In 1936, Elsie Parrish and her husband sued the hotel where she worked, alleging that they had violated the Fifth Amendment’s due process clause by paying her less than the state-mandated minimum wage for women.

Can states use their police powers to restrict the individual’s right to contract? Prof. David Bernstein of Antonin Scalia Law School discusses minimum wage laws and the demise of the right to contract in West Coast Hotel Co. v. Parrish.


As always, the Federalist Society takes no position on particular legal or public policy issues; all expressions of opinion are those of the speaker.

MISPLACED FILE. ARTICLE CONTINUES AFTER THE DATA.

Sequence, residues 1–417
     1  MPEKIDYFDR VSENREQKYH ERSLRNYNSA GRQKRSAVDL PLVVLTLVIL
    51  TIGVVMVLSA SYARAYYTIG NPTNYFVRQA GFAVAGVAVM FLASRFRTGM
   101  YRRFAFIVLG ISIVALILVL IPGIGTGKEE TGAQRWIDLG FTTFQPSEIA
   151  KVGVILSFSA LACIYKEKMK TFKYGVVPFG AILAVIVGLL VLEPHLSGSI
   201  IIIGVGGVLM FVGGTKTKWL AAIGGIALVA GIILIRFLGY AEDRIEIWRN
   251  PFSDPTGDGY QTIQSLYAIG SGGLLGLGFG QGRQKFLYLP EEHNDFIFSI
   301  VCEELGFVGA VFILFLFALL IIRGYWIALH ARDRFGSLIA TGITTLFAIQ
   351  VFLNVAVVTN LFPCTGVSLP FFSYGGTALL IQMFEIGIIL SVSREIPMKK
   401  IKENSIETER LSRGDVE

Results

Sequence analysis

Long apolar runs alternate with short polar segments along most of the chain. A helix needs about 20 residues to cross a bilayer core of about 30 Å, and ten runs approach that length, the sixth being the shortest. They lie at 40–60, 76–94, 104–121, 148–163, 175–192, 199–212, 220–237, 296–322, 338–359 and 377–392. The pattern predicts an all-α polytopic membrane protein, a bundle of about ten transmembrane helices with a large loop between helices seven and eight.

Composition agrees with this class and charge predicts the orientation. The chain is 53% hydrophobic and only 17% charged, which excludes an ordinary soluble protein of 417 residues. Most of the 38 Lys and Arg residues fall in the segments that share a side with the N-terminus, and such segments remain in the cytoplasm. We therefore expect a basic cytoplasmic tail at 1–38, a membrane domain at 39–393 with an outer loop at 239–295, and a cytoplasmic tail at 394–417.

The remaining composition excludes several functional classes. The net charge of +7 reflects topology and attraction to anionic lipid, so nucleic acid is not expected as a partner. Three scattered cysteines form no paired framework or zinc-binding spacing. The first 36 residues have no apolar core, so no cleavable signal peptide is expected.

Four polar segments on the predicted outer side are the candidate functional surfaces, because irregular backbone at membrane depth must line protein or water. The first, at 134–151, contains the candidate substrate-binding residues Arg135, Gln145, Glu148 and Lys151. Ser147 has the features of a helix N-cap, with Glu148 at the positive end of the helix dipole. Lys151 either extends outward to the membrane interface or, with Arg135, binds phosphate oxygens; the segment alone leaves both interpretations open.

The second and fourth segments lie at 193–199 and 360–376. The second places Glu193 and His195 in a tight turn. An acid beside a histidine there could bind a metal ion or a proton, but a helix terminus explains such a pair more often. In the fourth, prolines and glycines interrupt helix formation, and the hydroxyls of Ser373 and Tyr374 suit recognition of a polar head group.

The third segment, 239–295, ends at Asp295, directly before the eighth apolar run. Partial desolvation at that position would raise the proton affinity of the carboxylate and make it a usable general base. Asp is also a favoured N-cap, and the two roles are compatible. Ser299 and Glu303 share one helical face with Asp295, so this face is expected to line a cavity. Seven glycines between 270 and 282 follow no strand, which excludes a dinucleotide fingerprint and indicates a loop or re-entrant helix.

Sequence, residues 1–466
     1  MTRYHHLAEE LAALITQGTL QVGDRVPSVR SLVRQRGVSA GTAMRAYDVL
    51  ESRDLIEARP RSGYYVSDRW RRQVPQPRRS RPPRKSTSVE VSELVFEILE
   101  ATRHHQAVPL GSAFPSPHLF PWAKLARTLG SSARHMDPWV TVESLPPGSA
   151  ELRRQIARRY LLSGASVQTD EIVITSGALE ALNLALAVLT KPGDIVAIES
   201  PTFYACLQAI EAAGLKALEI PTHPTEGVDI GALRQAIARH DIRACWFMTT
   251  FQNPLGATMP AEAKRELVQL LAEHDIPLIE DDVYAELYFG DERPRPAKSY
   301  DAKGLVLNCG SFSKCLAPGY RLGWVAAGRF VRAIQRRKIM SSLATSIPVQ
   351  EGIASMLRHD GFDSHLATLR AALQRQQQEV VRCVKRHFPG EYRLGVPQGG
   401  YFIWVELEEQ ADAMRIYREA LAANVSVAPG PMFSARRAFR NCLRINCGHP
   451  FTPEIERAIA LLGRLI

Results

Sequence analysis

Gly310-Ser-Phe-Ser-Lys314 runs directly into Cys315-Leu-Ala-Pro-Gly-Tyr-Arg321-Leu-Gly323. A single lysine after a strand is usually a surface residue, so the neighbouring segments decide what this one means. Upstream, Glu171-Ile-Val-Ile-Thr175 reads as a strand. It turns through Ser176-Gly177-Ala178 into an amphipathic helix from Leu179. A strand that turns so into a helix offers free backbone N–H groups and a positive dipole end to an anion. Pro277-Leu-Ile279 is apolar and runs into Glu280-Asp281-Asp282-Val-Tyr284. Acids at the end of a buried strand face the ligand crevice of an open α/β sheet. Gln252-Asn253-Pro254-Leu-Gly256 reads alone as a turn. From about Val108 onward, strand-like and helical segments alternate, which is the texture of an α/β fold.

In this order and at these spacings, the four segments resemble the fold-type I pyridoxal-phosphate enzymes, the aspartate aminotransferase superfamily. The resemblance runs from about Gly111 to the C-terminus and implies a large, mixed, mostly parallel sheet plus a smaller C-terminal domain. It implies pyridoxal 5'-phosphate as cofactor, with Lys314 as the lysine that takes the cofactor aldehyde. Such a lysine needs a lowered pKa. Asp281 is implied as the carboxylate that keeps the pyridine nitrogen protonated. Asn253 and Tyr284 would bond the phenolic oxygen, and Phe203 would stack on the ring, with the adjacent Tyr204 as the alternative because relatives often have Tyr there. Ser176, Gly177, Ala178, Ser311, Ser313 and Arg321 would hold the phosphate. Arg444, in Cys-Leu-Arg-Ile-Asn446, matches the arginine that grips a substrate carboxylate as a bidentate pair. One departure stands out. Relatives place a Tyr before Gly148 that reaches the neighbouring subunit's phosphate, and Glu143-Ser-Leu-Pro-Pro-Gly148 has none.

Learn more about David Bernstein:

Follow David Bernstein on Twitter: @ProfDBernstein


Related Links & Differing Views:

The Yale Law Journal: West Coast Hotel’s Place in American Constitutional History

Journal of Supreme Court History: “‘Omak’s Minimum Pay Law Joan D’Arc’: Telling the Local Story of West Coast Hotel v. Parrish (1937)”

The Supreme Court Review: “Inside the ‘Constitutional Revolution’ of 1937”

Indiana Law Journal: “The Washington Minimum Wage Decision”

The Volokh Conspiracy: “The Significance of West Coast Hotel v. Parrish: Originalism vs. Living Constitutionalism?”